POLAND AND MIGRANTS – For a long time now, Poland finds itself in the sights of the European Union (together with Hungary) for its refusal to take its “quota” of “refugees”, who have been flooding Europe from the Middle East, Asia and Africa over the past two or three years in particular (some of whom are indeed refugees from war and persecution, but most are indeed what one calls the “economic migrants” – people from developing countries in search of a better life elsewhere).

In fact, far from a xenophobic fortress often portrayed in the Western media, Poland does been welcoming new arrivals – and plenty of them, as the table below demonstrates:


To be precise, almost 600,000 in 2016, second in the European Union after Great Britain, and ahead of Germany. Per capita, Poland has issued more residence permits to non-EU citizens than any other large country in the Union, and only behind Cyprus and Malta.

Who are all these people? Mostly Ukrainians and some Belorussians who come to Poland to work. Estimates of the legal and illegal presence in Poland of her eastern neighbours range from 1 to 2 million people. As France24 reports:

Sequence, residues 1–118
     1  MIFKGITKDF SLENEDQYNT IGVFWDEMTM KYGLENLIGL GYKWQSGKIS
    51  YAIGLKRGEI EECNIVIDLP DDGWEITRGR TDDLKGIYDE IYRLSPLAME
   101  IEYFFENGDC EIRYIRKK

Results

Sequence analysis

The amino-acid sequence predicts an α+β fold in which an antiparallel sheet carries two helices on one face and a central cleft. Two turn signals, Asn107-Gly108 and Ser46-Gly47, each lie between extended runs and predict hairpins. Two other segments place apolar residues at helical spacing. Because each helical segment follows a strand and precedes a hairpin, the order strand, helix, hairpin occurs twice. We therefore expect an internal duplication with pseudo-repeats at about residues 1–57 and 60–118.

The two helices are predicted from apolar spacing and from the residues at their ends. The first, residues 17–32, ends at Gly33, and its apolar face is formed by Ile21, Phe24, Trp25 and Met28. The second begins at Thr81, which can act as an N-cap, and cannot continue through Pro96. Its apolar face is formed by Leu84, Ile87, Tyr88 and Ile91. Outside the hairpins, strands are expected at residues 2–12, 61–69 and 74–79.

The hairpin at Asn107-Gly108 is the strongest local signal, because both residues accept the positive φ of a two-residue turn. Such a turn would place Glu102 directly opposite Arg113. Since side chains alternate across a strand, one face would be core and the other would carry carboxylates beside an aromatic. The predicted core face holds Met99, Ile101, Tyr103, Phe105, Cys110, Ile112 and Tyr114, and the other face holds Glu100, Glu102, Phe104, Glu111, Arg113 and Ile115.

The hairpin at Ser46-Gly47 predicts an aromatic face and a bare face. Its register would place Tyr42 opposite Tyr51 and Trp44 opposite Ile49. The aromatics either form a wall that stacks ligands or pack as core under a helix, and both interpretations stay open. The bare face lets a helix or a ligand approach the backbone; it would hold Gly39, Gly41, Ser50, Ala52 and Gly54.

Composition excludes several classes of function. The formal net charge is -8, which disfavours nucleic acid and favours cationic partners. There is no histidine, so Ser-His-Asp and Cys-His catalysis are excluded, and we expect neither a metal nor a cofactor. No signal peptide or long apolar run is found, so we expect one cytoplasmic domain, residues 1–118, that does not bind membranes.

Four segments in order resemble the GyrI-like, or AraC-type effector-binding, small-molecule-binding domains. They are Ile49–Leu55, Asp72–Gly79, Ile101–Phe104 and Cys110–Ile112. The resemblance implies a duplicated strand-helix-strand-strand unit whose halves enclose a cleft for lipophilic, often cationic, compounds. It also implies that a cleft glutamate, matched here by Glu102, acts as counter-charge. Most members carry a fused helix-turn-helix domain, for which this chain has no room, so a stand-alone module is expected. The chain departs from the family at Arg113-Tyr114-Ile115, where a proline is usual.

At least one million Ukrainians are currently working in Poland, according to estimates. The economy in Ukraine, still hampered by war and corruption, is sluggish, while across the border, there’s been uninterrupted growth and even a labour shortage – partly because so many Poles have moved further west. Ukrainian businesses, meanwhile, are finding it increasingly hard to hold on to their workers.

While there are always some inevitable incidents (what in the West would be called “hate crimes” or “anti-migrant incidents”, ranging from verbal abuse to violence), by and large this massive – and virtually unreported outside of Poland – migration has been a success story for Poland and for the Ukrainians, who fit in well, work hard, and clearly are not taking “Polish jobs”. Everywhere I went around Poland in September, I’ve heard two things: the Ukrainian language and complaints about worker shortages (just as everywhere I went around Europe, from rural Iceland to the cosmopolitan Hague, I’ve heard the Polish language).

It’s hard to blame Poland for wanting to have a say about who precisely comes into the country and why.